Only hours after his newly formed feet hit the Library floor, Justus was railing against the rest of the Transcendicants. How could we lounge around, he said, while our books are filled with sleeping sufferers? He called us betrayers of our beloved. He insisted that he must return to save Mercedes. We tried to assure him that indeed she was safe, and so was his daughter, if only he would read a little further. But he insisted,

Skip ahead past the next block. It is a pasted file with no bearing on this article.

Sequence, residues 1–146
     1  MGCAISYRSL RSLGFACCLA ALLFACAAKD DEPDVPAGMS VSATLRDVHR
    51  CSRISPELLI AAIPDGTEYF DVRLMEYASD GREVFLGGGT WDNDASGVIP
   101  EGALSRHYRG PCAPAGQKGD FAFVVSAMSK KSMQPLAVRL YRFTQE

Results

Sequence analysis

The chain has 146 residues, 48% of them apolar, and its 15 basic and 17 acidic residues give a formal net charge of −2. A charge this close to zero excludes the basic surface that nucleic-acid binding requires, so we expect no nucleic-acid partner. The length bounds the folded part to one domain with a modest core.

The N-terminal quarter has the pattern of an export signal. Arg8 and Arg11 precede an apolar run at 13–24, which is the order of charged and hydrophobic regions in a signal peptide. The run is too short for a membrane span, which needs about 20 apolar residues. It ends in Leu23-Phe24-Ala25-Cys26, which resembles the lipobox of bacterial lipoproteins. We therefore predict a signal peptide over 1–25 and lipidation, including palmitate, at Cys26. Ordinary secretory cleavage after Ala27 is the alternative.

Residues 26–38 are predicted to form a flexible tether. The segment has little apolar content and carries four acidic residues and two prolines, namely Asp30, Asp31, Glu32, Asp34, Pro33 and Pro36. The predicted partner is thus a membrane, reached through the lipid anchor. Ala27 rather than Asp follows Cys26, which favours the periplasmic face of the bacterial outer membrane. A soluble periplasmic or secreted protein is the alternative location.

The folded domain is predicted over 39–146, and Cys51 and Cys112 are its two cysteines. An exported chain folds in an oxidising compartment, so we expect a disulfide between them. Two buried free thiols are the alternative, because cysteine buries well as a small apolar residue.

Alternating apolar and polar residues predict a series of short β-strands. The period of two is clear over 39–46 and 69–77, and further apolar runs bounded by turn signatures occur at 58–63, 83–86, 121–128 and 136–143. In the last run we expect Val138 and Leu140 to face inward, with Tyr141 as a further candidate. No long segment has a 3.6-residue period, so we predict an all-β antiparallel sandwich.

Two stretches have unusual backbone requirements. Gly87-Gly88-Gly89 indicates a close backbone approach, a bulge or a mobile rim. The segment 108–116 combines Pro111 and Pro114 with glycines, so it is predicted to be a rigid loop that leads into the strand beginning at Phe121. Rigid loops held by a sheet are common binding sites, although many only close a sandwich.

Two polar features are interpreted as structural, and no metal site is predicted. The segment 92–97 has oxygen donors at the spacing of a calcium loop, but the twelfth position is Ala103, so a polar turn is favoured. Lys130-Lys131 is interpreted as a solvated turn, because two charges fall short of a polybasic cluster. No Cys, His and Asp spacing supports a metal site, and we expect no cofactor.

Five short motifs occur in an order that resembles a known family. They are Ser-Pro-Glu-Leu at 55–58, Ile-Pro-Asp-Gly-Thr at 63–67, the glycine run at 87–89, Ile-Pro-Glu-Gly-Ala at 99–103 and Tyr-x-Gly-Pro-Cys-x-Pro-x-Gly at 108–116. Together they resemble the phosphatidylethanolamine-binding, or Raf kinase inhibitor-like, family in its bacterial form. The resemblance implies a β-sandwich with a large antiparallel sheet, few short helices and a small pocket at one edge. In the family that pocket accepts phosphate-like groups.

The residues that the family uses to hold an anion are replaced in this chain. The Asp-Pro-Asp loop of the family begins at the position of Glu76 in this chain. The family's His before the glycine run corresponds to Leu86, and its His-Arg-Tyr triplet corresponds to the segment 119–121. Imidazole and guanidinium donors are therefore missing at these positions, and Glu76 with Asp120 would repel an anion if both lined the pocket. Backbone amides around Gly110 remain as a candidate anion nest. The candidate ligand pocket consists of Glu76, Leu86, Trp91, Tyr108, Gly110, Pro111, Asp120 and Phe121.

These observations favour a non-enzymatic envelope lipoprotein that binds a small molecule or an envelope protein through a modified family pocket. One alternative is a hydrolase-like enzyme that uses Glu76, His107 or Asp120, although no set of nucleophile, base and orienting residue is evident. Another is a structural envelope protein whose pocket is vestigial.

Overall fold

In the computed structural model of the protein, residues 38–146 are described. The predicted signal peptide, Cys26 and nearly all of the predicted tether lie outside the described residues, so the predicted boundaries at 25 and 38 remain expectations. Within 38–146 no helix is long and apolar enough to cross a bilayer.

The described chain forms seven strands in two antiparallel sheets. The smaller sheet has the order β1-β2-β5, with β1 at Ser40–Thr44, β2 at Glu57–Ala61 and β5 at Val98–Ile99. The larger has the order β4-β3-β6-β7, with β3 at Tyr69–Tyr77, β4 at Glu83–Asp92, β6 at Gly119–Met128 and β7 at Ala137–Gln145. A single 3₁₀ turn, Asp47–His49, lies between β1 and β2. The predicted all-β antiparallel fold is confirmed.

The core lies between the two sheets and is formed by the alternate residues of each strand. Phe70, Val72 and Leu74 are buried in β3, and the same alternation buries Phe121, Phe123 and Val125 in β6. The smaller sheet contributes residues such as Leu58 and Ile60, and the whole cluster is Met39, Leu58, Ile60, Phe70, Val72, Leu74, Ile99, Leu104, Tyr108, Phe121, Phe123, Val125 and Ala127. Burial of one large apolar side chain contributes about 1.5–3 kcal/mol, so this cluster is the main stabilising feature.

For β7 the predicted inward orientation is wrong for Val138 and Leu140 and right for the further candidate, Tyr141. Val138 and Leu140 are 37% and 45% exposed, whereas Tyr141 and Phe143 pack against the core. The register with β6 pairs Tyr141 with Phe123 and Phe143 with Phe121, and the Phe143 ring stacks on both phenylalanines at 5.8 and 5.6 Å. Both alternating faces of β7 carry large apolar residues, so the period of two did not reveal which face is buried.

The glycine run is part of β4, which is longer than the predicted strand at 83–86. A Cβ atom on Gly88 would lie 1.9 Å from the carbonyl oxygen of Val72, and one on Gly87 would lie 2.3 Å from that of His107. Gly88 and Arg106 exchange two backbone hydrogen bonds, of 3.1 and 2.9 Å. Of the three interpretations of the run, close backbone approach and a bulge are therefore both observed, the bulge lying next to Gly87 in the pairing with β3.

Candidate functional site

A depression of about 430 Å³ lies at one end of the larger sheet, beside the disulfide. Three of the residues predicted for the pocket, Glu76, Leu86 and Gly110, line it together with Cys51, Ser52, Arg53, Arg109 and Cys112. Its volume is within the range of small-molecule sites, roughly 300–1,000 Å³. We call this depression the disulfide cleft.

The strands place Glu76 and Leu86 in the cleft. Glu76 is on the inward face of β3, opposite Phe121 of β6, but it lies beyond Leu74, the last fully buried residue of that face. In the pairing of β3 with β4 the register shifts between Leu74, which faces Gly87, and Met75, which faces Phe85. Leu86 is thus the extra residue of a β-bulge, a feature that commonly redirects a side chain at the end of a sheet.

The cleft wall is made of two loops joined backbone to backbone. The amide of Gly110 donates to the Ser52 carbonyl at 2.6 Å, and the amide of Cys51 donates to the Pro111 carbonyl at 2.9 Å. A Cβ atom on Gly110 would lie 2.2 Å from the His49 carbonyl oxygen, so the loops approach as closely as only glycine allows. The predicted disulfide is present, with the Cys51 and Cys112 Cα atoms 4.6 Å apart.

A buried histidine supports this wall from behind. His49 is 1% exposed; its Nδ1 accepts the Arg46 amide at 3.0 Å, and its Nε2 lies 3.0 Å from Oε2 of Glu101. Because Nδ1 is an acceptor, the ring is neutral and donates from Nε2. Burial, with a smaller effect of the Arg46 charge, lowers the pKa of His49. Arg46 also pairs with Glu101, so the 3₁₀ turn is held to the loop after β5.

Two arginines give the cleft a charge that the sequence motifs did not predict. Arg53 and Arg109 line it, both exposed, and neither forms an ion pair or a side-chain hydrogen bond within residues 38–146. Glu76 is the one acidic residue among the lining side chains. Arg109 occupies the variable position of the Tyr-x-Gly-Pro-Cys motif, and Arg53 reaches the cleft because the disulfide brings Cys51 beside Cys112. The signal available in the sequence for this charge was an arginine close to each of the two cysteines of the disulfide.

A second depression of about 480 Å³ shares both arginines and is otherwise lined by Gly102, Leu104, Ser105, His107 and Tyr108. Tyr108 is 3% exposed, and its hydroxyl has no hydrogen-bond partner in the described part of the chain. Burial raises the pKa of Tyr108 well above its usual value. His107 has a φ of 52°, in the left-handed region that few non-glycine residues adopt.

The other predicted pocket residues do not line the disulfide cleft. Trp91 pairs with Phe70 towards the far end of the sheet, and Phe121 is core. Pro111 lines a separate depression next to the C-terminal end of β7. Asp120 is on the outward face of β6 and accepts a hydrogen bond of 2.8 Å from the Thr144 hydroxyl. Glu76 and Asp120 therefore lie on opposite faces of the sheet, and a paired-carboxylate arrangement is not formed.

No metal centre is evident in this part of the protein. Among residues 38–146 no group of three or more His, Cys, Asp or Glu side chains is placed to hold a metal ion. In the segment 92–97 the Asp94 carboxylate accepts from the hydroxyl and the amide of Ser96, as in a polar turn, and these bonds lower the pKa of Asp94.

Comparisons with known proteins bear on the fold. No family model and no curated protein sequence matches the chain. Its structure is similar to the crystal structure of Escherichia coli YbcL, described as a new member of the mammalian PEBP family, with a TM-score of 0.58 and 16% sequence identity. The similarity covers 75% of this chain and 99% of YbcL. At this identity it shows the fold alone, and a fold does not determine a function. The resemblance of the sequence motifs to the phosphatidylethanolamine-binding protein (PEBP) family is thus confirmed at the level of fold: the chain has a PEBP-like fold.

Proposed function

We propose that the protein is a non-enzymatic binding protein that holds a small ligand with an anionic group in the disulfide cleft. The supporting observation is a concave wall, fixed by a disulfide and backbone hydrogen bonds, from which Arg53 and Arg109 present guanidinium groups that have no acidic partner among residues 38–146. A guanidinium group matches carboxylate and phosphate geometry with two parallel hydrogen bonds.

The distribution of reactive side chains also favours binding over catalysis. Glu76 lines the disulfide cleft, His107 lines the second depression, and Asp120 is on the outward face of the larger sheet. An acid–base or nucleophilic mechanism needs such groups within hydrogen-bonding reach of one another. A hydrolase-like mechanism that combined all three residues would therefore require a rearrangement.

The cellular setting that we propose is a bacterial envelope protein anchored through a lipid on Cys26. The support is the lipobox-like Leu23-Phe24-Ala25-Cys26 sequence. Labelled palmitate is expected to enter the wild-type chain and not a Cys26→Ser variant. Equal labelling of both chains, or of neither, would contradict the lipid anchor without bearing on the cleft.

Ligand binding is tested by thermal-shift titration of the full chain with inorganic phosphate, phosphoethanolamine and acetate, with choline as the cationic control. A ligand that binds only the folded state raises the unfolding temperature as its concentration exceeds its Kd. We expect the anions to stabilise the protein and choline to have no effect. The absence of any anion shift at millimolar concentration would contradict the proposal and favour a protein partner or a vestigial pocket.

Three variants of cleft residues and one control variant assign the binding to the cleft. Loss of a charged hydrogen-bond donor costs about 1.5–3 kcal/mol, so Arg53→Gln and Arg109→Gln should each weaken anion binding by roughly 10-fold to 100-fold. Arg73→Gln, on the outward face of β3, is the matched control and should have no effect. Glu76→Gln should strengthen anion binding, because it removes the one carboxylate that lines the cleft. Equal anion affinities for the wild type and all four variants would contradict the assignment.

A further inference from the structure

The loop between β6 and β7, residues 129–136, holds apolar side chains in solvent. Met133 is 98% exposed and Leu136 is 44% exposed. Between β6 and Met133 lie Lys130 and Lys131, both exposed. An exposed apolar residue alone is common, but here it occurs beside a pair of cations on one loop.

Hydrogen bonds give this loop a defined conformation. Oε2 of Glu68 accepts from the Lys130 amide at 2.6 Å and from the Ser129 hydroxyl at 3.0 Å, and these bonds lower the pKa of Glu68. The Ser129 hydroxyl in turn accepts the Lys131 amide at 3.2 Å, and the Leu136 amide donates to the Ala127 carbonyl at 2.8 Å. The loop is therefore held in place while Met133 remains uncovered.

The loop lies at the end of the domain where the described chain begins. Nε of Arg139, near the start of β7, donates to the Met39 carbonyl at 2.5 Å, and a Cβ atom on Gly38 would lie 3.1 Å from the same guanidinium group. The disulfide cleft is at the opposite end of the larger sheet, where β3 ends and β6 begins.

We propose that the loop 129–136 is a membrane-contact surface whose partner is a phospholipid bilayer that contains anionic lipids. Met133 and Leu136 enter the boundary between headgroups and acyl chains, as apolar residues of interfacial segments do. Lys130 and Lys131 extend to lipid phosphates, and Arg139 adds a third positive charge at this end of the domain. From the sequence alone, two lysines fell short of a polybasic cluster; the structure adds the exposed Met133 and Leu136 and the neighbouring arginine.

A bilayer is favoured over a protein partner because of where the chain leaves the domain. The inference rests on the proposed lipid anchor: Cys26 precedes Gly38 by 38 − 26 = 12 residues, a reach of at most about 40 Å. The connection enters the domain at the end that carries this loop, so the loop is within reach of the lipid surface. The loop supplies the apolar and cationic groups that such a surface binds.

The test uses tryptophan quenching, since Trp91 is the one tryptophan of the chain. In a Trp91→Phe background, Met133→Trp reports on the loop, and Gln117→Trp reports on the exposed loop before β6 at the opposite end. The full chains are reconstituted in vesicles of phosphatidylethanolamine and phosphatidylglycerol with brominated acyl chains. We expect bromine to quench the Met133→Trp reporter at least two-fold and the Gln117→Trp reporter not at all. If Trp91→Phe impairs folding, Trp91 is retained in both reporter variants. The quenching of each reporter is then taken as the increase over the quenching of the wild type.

“If she is safe, then where is she? I don’t see her here!” And with that fire in his eyes he descended on his book, plunging himself back into the midst of that fateful night! This had never been done before. Again he felt the terror of his wife’s scream. Again he wrestled against his own fear to wrestle Robert to the ground. And again he felt the adrenaline melt away beneath the hot sting of his mortal wound. His limbs felt like ice. His strength to cough was spent. Darkness enveloped him and again he caught the light of the Library. When he landed in our realm the second time, some of us tried to restrain him. Something was clearly wrong. We had intended to welcome him into freedom, but he was consumed with zeal for his ink-and-paper bride. In he dived again. A broken window, a scream, a fight and the searing pain of certain death. Why would a man subject himself to death like this, again and again and again?